Nearly a month after YouTube said it was going to combat online terrorist content on its platform, the video-sharing site said the process is going well, thanks to machines and humans alike.
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In an August 1 blog post, the Google-owned site said its multi-pronged approach is being aided by machine learning, where computers are detecting and removing the content in a faster manner.
"Our machine learning systems are faster and more effective than ever before," YouTube said in the post. "Over 75 percent of the videos we've removed for violent extremism over the past month were taken down before receiving a single human flag."
YouTube added that over the past month, machine learning has helped it remove more than double "both the number of videos we've removed for violent extremism, as well as the rate at which we’ve taken this kind of content down."
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Over 400 hours of content are uploaded every minute to the platform, which has more than 1.5 billion logged-in users, according to YouTube CEO Susan Wojcicki.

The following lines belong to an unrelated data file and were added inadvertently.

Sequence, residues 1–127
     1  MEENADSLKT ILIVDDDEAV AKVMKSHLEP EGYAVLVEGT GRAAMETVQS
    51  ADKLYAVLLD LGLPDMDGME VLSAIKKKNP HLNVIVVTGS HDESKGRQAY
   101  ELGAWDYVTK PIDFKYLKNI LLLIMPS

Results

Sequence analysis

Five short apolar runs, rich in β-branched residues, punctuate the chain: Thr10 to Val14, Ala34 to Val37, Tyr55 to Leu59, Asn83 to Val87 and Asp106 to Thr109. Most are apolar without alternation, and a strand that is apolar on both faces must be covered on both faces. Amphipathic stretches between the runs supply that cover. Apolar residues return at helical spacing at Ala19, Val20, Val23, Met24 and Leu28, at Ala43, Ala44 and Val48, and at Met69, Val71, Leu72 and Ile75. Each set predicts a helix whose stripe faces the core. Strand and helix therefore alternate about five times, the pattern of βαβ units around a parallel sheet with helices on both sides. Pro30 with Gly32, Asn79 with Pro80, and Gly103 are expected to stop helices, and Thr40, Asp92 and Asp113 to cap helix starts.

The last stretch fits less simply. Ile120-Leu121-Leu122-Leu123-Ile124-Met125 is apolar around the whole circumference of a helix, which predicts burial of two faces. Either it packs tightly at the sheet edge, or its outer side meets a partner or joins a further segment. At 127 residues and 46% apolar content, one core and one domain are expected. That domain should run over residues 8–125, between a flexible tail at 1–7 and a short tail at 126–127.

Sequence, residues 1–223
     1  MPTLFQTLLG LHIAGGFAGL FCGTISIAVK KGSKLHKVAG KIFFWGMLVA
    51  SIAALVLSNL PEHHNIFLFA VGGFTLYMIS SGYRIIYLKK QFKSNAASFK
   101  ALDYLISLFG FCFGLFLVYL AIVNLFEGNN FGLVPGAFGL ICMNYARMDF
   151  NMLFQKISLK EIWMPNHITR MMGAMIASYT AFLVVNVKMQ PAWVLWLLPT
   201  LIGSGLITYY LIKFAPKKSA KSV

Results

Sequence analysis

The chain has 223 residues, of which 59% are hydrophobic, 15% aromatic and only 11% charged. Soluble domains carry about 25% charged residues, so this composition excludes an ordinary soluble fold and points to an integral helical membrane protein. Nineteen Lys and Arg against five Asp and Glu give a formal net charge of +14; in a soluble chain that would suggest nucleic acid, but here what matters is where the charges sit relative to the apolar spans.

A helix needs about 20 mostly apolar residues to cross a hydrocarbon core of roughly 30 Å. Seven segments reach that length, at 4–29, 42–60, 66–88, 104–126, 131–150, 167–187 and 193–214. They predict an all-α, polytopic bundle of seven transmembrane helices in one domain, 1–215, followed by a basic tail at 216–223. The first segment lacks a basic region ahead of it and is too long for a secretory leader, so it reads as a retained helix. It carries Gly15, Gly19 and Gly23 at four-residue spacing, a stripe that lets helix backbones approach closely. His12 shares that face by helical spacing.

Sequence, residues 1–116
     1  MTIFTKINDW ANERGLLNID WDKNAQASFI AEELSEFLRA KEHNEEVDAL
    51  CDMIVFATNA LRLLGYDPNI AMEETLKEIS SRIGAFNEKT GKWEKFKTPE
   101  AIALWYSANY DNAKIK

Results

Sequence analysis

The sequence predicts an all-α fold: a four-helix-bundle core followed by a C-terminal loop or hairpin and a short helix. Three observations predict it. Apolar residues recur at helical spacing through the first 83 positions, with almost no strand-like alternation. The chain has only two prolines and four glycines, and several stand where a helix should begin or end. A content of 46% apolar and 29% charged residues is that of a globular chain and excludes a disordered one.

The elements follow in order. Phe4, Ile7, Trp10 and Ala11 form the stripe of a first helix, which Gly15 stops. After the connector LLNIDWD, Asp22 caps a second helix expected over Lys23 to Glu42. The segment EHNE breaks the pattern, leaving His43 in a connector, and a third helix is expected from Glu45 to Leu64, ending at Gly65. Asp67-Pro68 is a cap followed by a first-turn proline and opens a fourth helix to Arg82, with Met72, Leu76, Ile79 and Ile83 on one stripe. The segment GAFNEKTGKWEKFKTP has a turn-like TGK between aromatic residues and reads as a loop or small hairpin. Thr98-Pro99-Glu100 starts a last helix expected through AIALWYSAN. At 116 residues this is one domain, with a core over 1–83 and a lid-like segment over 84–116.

In addition to using computers, YouTube is utilizing human experts, through its Trusted Flagger program. They've added 15 non-governmental organizations including the Anti-Defamation League, the No Hate Speech Movement and the Institute for Strategic Dialogue.
There will also be tougher standards on videos that have been flagged by users as potential violations on hate speech and violent extremism, but may not actually be illegal.
"If we find that these videos don’t violate our policies but contain controversial religious or supremacist content, they will be placed in a limited state," YouTube said.
The push comes after several terrorist attacks around the globe, including in the U.K. In June. YouTube said it would redirect people looking for extremist content to videos that confront and discredit the search topics, via the Redirect Method, created by another team at Google and its parent company, Alphabet.
Despite the progress, YouTube said more needs to be done to combat extremist content that lives on its site.
"With the help of new machine learning technology, deep partnerships, ongoing collaborations with other companies through the Global Internet Forum, and our vigilant community we are confident we can continue to make progress against this ever-changing threat," YouTube wrote. "We look forward to sharing more with you in the months ahead."
Follow Chris Ciaccia on Twitter @chris_ciaccia